# Calculating Watts in a Day/Second for Lamp with 60W Capacity

• bNo
In summary, the lamp takes 60 watts when connected to a 120-V outlet. It would cost 1468.8 cents to operate the lamp for 24 hrs.
bNo
Hello, I'm having problems with this question. I'm not exactly sure how to determine how much watts in a day, or in a second the lamp takes.

## Homework Statement

Theres a lamp that absorbs 60 W when connected to a 120-V source.
Q: Find the cost of operating the lamp for 24 hrs when electricity cost 6.8cents/kWh.

## Homework Equations

current = power/voltage

## The Attempt at a Solution

1)I took a guess and said 60W equals in one second.
60W(60sec x 60min x 24hrs) = 5,184,000
2)Then, 24hrs into kW = 24000 kW in a day.
3)(5,184,000/24000) x 6.8 cents = 1468.8 cents.

I'm pretty sure I'm missing a formula for time. Thanks for any help.

No, a watt is a unit of power, and a kWh is a unit of energy (power multiplied by time). You are charged for energy by the electric utility company, so they charge you $/kWh. The rest is just being careful with units and cancelling units. bNo said: 60W(60sec x 60min x 24hrs) = 5,184,000 Like in that equation, you were not being careful about units. See if this makes more sense, and keep it going to get to your answer: $$E = Power * Time = 60W * \frac{1kW}{1000W}* 24h * \frac{60 min}{h}$$ berkeman said: No, a watt is a unit of power, and a kWh is a unit of energy (power multiplied by time). You are charged for energy by the electric utility company, so they charge you$/kWh.

The rest is just being careful with units and cancelling units.

Like in that equation, you were not being careful about units. See if this makes more sense, and keep it going to get to your answer:

$$E = Power * Time = 60W * \frac{1kW}{1000W}* 24h * \frac{60 min}{h}$$

EDIT -- Remember to cancel units when you have the same unit over itself, like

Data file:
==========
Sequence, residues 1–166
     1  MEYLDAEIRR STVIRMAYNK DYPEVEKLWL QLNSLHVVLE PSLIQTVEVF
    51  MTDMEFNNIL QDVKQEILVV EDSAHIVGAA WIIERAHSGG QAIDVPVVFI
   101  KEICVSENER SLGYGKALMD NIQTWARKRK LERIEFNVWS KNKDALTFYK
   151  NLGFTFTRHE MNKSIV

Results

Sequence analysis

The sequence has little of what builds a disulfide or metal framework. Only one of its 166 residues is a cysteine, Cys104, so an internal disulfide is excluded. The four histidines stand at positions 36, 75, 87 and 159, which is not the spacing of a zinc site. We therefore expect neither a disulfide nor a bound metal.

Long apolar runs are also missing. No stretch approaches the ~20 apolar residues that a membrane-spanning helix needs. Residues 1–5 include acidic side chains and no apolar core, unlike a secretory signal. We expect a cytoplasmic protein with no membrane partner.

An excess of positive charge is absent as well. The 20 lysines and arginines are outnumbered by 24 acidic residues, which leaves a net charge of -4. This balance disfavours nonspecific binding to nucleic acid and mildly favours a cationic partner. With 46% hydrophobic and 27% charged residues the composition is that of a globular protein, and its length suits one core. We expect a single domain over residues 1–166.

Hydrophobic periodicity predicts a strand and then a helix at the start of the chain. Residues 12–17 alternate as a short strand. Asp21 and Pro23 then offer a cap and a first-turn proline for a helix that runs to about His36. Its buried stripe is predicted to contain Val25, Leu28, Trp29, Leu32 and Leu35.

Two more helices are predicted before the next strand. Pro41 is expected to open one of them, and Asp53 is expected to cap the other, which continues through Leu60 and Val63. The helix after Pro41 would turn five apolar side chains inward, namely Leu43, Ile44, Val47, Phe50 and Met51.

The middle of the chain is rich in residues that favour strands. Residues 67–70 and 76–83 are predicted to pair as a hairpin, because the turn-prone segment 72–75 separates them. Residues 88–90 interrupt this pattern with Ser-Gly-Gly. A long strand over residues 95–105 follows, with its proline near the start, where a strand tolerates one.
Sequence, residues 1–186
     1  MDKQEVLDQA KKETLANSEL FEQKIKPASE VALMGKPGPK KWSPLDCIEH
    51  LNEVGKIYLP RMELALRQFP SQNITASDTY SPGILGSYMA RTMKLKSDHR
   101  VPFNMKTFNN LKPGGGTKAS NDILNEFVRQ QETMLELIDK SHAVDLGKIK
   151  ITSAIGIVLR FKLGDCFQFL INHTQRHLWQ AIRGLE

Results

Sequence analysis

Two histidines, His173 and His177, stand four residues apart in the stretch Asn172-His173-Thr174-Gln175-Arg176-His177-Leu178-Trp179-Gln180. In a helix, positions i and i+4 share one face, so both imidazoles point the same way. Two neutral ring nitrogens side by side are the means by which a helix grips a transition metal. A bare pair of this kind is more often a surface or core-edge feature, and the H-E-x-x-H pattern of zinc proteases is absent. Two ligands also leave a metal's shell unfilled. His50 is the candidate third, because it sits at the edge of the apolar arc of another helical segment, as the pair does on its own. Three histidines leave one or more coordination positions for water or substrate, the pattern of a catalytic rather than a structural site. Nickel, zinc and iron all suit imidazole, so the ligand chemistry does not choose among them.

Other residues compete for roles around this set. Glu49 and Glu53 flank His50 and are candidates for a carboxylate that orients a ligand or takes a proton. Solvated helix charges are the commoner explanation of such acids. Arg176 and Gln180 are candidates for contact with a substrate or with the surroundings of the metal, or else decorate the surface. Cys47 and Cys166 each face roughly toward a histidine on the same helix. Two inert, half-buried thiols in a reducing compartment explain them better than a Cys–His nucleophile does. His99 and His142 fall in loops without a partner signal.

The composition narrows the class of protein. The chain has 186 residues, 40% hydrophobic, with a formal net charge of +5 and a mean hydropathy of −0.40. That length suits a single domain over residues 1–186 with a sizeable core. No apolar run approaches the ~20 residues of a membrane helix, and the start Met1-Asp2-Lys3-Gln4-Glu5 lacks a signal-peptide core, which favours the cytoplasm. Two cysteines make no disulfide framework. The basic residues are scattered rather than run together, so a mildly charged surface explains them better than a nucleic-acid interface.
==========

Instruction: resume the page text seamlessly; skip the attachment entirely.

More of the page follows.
$$\frac{W}{W} = 1$$

Thank you for the help. That was the equation I was missing.

Your right I should have put in the units for the result. I need to learn how to do that javascript. It would look a lot nicer than, 60W(60sec/min x 60min/hr x 24hrs)

bNo said:
Thank you for the help. That was the equation I was missing.

Your right I should have put in the units for the result. I need to learn how to do that javascript. It would look a lot nicer than, 60W(60sec/min x 60min/hr x 24hrs)

There's a sticky post at the top of the PF tutorials forum about using LaTex:

https://www.physicsforums.com/forumdisplay.php?f=151

You can also click on the QUOTE button on a post with LaTex in it (like mine above) to see the underlying tex that was used to make the LaTex image. There are also some buttons in the Advanced Reply window that help you to create LaTex equations.

## 1. How do I calculate the number of watts used by a lamp in a day?

To calculate the watts used by a lamp in a day, you will need to know the wattage of the lamp and the number of hours it is used in a day. Multiply the wattage by the number of hours to get the total number of watt-hours used in a day.

## 2. How many watts does a 60W lamp use in a second?

A 60W lamp uses 60 watts in a second. This can also be written as 60 joules per second (J/s) since watts measure the rate of energy consumption.

## 3. Can I convert watts to kilowatt-hours for my lamp?

Yes, you can convert watts to kilowatt-hours for your lamp by dividing the number of watts by 1000. For example, a 60W lamp would use 0.06 kilowatt-hours in an hour.

## 4. How much electricity does a 60W lamp use in a day?

The amount of electricity used by a 60W lamp in a day depends on the number of hours it is used. For example, if the lamp is used for 10 hours in a day, it would use 600 watt-hours or 0.6 kilowatt-hours of electricity.

## 5. Is it more energy-efficient to use a 60W lamp for a longer period of time or a higher wattage lamp for a shorter period of time?

A higher wattage lamp will use more energy in a shorter period of time, while a lower wattage lamp will use less energy over a longer period of time. It is generally more energy-efficient to use a lower wattage lamp for a longer period of time, as it will consume less energy overall.

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